So how can you turn your tasks from a dreary mundane inBox into a creative Canvas.

Remember, there are no shortages of canvases. Tomorrow, you will have more tasks and problems that challenge your creative gifts to solve.  Try to imagine them as a chance for you to paint a canvas that is a fine piece of art.  Attempt to execute the routine and the mundane in creative motivating ways that solve problems more elegantly and with less effort.  Perhaps benefiting more of those around you.

This perspective can change your outlook to your working world, whether at home, office or away.

Good luck on your new painting!

Accident analysis – Reason’s Model how does this apply in Life

What can we learn from Accident Investigation in our own lives?  And, what valuable life lessons can we use daily?

Dr. Reason provided a model that has become known as the Swiss Cheese layers for accident prevention. His example demonstrates how a  variety of processes can interrupt the chain of events leading to an accident.  However each step set in place no matter how close to perfection,  has holes (like swiss cheese) and when the holes line up, a chain of events that can lead to an accident may occur.

So, when it comes to our own lives, what can we do to ensure a safe and desired outcome – in any endeavour?

1. Build layers of protection into our lives.

Here are some examples. We can think of healthy exercise, proper eating, and rest, as layers of defence against disease and illness.  Or, planning our budget, building a savings and investment portfolio to assure financial independence when we no are no longer able or have the desire to work.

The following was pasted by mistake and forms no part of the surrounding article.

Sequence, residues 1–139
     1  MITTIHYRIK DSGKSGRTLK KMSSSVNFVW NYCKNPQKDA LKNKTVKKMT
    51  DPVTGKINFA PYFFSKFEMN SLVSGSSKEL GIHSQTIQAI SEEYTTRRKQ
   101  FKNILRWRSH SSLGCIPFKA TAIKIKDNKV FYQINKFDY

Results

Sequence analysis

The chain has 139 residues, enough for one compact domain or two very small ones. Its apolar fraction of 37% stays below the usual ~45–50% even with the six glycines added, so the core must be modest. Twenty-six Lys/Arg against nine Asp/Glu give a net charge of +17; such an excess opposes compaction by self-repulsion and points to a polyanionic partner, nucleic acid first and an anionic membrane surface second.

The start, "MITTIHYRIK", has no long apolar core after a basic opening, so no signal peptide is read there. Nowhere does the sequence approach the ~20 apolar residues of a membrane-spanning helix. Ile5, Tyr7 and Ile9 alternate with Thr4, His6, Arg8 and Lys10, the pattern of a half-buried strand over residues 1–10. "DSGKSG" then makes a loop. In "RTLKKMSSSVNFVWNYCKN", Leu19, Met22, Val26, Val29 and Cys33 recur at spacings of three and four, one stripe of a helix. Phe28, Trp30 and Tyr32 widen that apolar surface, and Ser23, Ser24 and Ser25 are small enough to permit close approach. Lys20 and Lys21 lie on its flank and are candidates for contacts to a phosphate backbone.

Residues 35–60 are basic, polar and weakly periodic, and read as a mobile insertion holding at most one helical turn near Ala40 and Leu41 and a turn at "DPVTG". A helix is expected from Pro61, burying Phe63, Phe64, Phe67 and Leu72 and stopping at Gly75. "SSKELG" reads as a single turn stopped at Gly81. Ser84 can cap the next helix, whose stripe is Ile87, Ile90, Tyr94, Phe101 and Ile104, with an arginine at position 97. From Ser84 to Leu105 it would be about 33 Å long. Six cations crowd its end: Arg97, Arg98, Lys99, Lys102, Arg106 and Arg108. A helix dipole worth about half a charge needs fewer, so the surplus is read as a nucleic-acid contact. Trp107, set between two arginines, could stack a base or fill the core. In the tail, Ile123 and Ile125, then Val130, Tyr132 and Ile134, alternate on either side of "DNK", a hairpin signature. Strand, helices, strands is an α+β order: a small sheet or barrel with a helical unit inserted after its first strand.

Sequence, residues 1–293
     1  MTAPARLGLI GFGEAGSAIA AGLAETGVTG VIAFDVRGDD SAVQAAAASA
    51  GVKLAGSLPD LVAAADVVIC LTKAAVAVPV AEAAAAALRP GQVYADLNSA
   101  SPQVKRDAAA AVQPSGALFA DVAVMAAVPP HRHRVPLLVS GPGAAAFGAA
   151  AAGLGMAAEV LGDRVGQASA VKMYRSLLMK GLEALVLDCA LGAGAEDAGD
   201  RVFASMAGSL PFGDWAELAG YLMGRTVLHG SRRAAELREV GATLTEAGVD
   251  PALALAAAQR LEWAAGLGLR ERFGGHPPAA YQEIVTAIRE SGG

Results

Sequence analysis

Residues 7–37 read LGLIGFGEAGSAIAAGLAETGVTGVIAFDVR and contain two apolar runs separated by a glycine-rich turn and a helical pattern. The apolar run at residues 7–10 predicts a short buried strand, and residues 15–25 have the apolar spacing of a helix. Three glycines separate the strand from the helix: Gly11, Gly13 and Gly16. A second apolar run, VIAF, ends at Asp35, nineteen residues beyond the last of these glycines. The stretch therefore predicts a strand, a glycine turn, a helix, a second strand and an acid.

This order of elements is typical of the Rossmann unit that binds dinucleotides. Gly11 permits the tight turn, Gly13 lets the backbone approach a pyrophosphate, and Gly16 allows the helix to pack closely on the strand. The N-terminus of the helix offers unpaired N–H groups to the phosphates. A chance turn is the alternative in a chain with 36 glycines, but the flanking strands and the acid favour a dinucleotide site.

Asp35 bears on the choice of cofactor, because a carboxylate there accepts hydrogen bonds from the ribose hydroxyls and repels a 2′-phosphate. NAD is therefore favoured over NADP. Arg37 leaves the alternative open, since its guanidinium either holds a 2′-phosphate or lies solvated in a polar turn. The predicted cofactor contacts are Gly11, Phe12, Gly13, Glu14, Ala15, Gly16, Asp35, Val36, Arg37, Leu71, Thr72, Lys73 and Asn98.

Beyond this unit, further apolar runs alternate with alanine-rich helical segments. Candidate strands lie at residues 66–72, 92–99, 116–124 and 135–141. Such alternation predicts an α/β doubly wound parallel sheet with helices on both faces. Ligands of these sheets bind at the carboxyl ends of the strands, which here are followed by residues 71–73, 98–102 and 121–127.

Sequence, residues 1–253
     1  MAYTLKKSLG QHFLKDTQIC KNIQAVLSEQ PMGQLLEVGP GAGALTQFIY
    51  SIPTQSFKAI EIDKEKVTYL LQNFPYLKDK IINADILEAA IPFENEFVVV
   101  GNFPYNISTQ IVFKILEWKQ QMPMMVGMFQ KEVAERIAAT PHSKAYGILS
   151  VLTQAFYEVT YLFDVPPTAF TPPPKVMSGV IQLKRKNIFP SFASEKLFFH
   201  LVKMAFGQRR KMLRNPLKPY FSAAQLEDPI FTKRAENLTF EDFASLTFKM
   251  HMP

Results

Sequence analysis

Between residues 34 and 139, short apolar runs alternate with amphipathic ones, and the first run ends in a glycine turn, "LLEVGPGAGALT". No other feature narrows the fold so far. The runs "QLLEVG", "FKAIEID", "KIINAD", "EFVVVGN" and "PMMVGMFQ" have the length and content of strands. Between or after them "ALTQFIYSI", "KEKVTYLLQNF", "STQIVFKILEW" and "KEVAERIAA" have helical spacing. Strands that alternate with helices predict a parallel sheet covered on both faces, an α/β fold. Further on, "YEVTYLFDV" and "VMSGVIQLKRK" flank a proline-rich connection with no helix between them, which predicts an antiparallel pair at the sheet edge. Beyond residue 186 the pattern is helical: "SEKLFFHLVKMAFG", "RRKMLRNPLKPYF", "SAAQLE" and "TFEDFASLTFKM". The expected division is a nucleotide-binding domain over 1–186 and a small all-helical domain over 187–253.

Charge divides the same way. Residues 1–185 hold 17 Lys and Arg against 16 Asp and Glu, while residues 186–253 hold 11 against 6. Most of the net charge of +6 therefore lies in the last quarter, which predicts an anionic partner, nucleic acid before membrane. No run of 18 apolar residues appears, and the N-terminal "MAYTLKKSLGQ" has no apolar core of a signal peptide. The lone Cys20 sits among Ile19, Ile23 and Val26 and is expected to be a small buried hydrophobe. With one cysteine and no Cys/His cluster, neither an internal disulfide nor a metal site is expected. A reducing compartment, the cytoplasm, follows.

2.  Pre conditions.

Fatigue, complacency, attitude, beliefs.  These behaviours can set us up for a disaster.  Samples include: Allowing insurance policies to lapse, driving while tired, believing preparation is unnecessary without regard to the potential failures and hazards. These can all result in reduced layers of protection.

3. Unsafe acts.

Most of us have survived some pretty foolish acts.  Perhaps it involved excessive alcohol/drugs, a daredevil stunt or simply ignoring an obvious precaution.

These are just a few of the latent or active failures that allow an accident chain to breach through all of the layers of defence.

We not only want to have a healthy successful life, but we also enjoy the journey when we can overcome challenges and risk.   The greater the challenges, often results in the most satisfying rewards.

Smart risk therefore, is when we consider the hazards, plan our defences and then tackle the challenge with the confidence that we have put effective planning and preparation in place.

To have a truly exciting and satisfying life we must occasionally take actions that expose us to risk.  It is also most satisfying when we can achieve difficult goals by skillfully navigating through various challenges and hazards.

By creating effective layers of protection as demonstrated in Dr. Reason’s model, we can confidently take the risks required to achieve our goals.